Fortunately, a race walker in the men’s top 60 was withdrawn by his country. Christie received the good news after the rankings were updated July 5, which was the last day for countries to submit their team rosters for Tokyo. Although the withdrawal was expected, Christie came within a few short hours of being left out.

All their trials and triumphs as race walkers will make for great stories that Stevens and Christie will share one day with their children. Starting a family is on their agenda along with returning to the Olympics in 2024. Competing in Paris would be special because they are both sponsored by a French sporting goods company, Decathlon. Christie was a guest at the opening of Decathlon’s Emeryville store in 2019. They have even discussed what it will take to qualify for the 2028 Olympics in Los Angeles. Stevens thinks of all those possibilities and remembers how close she came to letting Christie get away.

“I enjoyed his company, but I wasn’t thinking romantically because of his age. I always went for older guys,” said Stevens, who was 36 at the time. “I told him I thought the Super Bloom would be cool to see and that it would be cool to have someone to see it with. I just thought he wanted to hang out.”

Christie saw much more than flowers when he was  invited by Stevens to Las Vegas because a friend of hers was performing in what she called a burlesque show. When her topless friend took the stage, Stevens could not imagine what Christie had to be thinking. The blush in his cheeks was her first clue.

“I was thinking a cabaret or something like that, maybe just a little risqué,” recalled Christie, who  had to hustle after the last-minute  invitation to make the five-hour drive from San Diego in time for the show. “That was a little surprising. I didn’t think it was going to be like that. I didn’t know what I agreed to.”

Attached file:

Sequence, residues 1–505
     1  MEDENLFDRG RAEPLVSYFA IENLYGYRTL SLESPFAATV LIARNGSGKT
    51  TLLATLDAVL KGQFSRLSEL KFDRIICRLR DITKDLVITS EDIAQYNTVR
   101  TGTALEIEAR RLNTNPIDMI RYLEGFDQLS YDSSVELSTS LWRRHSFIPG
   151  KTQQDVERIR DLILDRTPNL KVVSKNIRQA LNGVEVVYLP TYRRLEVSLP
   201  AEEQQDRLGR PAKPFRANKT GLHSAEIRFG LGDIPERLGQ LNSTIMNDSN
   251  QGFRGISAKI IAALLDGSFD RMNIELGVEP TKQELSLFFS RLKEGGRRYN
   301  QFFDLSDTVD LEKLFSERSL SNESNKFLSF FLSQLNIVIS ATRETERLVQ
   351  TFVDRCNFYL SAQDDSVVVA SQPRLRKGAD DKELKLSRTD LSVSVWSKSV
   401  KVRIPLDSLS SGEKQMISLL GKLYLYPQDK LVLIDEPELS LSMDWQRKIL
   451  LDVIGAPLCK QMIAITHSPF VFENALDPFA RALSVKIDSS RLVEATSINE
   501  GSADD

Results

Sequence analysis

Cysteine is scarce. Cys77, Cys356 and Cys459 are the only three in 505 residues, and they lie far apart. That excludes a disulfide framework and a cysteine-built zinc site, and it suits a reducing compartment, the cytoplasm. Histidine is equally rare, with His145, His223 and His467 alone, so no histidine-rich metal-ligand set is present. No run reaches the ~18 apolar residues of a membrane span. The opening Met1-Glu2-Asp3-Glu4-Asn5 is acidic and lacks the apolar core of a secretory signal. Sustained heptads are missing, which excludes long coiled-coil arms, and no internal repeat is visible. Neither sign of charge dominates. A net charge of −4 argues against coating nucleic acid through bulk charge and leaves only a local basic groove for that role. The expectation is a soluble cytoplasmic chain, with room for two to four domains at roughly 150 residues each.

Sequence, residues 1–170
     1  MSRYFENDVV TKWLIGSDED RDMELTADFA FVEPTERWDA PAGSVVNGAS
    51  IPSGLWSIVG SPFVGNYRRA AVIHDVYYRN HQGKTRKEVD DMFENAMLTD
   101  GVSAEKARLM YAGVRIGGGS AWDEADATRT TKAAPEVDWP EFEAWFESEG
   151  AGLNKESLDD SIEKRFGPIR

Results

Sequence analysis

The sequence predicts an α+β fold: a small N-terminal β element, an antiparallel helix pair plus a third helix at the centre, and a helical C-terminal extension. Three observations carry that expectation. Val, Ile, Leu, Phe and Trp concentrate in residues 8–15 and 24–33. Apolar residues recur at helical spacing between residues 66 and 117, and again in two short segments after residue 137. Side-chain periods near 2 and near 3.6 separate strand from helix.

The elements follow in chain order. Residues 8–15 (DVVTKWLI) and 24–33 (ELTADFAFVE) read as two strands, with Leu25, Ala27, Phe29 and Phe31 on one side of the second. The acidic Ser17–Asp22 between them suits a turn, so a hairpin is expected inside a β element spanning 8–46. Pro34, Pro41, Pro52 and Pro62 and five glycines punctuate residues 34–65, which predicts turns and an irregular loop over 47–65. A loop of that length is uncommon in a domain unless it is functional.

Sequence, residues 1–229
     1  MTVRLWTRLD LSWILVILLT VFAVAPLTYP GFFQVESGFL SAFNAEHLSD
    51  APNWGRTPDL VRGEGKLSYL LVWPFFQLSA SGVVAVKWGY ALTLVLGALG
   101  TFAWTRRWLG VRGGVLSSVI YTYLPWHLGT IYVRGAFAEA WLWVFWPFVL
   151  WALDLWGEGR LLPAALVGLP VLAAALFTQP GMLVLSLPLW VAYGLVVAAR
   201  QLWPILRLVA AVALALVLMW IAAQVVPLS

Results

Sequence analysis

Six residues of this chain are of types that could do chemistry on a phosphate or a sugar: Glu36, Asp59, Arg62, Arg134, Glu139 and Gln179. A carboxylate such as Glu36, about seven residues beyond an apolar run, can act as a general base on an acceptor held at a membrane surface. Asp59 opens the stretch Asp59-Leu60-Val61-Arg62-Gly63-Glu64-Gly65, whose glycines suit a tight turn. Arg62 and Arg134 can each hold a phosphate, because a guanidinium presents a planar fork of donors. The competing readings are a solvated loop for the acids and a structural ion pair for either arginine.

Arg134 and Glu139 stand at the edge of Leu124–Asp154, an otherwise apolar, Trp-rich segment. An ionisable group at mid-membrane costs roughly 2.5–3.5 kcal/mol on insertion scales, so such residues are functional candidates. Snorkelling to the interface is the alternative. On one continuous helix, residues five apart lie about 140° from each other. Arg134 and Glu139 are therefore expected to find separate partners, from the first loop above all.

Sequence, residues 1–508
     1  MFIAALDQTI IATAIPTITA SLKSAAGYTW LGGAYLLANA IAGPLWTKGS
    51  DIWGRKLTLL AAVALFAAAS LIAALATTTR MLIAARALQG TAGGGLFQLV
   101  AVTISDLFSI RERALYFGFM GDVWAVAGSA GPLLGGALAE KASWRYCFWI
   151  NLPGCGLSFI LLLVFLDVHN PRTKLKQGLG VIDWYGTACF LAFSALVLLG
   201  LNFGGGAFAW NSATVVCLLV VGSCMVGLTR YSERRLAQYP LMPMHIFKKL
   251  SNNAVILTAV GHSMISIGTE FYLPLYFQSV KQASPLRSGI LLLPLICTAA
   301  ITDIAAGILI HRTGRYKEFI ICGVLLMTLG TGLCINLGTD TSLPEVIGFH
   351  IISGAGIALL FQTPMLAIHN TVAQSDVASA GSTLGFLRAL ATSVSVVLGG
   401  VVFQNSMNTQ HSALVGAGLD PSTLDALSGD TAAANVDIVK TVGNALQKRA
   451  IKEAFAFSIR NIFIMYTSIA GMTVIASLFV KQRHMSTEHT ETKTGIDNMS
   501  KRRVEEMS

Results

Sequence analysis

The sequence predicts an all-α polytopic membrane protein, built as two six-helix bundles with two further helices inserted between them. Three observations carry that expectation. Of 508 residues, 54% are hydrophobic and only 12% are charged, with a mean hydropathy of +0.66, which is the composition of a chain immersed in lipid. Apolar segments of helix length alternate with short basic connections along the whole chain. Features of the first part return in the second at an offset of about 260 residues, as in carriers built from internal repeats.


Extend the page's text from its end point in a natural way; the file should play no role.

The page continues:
Stevens did not give much thought to how Christie would react to nudity because “this is Vegas. It wasn’t dirty at all. I really didn’t think about this being out of his comfort zone. He’s pretty chill, but when she came out he was all pink in the face. He was great. He went with the flow.”

The best was yet to come. Stevens also invited Christie to go to a goat yoga class the following day. The class was in an outdoor pen and the students went through the various yoga moves as baby goats climbed all over them. And the instructor just happened to be Stevens’ exposed friend, the dancer.

“By the end of the weekend, I knew I was interested in him.” Stevens admitted. “Who doesn’t bond over goats … cute baby goats? I was actually wondering if he was thinking, ‘I don’t know about this Robyn.’”

He certainly knows enough by now. 

Three seniors deserve final bow


The curtain will fall on the 2021 baseball season for Vacaville and Will C. Wood high schools on Thursday when the Wildcats travel across town to face the Bulldogs at 4 p.m. Before the lights are turned out, these three seniors deserve to take a bow before they exit stage left.

Kobe Rolling (from left), Juan Martinez and Daniel Navarro

Daniel Navarro and Kobe Rolling, Will C. Wood

Navarro and Rolling came to the rescue of Fairfield pitcher Juan Martinez on March 30 after Martinez was calling for balking on consecutive pitches. Martinez had no idea what was wrong because he speaks Spanish and could not understand the umpire. Fairfield coach Nick Spini did not fare any better when he went to the mound after the first balk with another Spanish-speaking player, whom Spini said could not translate a balk because he never heard of it.

The second balk call prompted Navarro and Rolling to go to the mound. Navarro’s father was raised in Mexico and only speaks Spanish. Rolling was enrolled in the Dual Immersion program as a youngster, so he learned Spanish before English. Martinez’s plight was all too familiar for Navarro, who did not speak English when he arrived at Wood in the fall of 2017.

“I felt his pain,” said Navarro, who credits teachers such as Katie Stonebraker at Wood for investing the time and diligence to help him become bilingual.